Preventive detention is a hotly debated
topic right now. The media (old and new) is abuzz with controversy over
the President’s plan to seek legislation or an executive order
authorizing the indefinite detention of suspected terrorists without
charge. But the Supreme Court has acknowledged that it’s permissible to
detain enemy “combatants” in a war for the duration of hostilities, and
Congress has declared war, in so many words, on Al Qaeda and the
Taliban. So why is the idea still so controversial?
I think the answer lies, at least in part, in the differences between international armed conflict (war between nation states) and non-international armed conflict (war between a nation state and “irregular” non-state forces like Al Qaeda )-and, more to the point, how those differences play out in the public mind, if only at a subconscious level.
The law of war authorizes the detention of prisoners of war for the duration of hostilities without any individualized assessment of dangerousness, but only in the context of international armed conflict. For non-international armed conflict, the law of war recognizes the possibility that detention may occur and requires that such detention meet baseline standards; but it doesn’t actually authorize detention, leaving that to domestic law. In Hamdi v. Rumsfeld, the Supreme Court held that the 2001 Authorization for Use of Military Force provided the necessary authorization and incorporated the rule that “combatants” (the Court’s term) are subject to detention for the duration of hostilities.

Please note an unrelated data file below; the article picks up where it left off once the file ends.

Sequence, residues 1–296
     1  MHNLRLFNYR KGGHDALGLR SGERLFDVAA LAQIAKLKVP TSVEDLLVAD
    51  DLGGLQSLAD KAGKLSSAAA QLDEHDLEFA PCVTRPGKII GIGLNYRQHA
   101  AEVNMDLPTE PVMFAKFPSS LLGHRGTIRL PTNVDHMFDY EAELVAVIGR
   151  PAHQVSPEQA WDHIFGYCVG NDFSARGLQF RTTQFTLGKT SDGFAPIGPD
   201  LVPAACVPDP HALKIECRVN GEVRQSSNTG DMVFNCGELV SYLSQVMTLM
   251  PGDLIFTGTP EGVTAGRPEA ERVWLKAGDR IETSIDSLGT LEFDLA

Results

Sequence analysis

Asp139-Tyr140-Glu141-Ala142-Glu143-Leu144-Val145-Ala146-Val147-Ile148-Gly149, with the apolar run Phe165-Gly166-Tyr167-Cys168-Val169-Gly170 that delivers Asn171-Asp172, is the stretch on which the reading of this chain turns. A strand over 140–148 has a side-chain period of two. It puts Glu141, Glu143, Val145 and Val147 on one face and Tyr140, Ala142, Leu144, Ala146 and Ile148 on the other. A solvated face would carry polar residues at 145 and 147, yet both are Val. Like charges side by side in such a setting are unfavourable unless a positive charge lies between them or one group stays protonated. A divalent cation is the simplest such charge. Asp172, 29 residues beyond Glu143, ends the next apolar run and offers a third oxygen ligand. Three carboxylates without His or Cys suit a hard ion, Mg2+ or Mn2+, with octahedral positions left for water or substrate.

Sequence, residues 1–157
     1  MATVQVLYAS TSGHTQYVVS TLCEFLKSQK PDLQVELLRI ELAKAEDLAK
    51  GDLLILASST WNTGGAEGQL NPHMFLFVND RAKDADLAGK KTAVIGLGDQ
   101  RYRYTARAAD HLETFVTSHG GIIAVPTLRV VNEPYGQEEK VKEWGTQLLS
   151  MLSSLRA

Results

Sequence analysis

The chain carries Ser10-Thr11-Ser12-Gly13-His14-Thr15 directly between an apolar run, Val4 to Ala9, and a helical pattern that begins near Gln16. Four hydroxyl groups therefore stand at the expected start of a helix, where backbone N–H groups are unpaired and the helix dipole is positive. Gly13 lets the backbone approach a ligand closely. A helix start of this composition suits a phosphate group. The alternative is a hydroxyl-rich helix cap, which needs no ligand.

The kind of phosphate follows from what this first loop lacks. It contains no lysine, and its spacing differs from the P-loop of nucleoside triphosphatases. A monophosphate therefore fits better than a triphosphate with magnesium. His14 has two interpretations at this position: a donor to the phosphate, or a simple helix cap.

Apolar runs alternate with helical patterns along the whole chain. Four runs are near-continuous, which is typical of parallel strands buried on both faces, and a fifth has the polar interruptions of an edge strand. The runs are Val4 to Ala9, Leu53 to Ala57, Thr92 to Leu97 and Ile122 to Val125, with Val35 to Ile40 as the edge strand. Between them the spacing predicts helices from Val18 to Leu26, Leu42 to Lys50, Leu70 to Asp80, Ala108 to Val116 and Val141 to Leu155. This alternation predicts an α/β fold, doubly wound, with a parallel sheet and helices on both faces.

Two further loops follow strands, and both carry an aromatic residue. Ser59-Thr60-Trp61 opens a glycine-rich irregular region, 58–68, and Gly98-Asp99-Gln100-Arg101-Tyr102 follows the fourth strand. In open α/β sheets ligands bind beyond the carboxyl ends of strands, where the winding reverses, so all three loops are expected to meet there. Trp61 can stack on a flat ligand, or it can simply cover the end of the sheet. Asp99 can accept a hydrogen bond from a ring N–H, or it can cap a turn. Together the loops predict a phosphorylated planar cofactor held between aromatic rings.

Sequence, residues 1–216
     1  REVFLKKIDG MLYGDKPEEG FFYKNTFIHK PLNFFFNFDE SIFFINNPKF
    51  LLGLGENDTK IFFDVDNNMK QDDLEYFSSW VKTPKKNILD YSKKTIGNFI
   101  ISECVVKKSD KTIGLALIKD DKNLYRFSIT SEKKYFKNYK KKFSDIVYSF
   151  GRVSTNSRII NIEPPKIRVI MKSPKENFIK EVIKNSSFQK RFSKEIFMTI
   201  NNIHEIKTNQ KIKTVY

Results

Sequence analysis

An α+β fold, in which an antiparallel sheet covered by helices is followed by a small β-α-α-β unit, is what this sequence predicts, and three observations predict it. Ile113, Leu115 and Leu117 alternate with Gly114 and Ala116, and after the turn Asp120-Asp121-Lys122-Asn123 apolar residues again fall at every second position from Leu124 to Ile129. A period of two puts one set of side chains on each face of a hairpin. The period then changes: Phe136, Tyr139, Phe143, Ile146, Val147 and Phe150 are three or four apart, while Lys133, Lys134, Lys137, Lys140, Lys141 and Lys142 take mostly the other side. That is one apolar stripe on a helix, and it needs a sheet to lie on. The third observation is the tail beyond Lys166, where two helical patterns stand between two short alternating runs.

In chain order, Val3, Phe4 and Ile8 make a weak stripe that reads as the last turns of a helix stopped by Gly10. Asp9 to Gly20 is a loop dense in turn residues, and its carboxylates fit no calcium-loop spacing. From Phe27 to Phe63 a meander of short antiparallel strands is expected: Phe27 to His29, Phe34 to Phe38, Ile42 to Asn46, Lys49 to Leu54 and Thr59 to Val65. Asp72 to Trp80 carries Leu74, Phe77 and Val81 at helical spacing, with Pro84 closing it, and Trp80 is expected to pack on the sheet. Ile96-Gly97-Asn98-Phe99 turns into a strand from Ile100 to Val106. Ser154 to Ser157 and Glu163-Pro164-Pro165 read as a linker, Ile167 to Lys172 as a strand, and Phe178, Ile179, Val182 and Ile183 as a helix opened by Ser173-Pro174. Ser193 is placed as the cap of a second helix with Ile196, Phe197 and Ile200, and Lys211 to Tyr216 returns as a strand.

The U.S. thus has authority under domestic law to apply the same detention rule that the law of war establishes in international armed conflict. The problem with this arrangement is that the rules that apply in international armed conflict are a poor fit for the war we’re actually fighting. Wars against other nations differ from wars against irregular forces, and those differences are at least intuitively understood by the American public and the rest of the world. Three of these differences are crucial when considering the issue of detention.
Read the rest at the Balkinization blog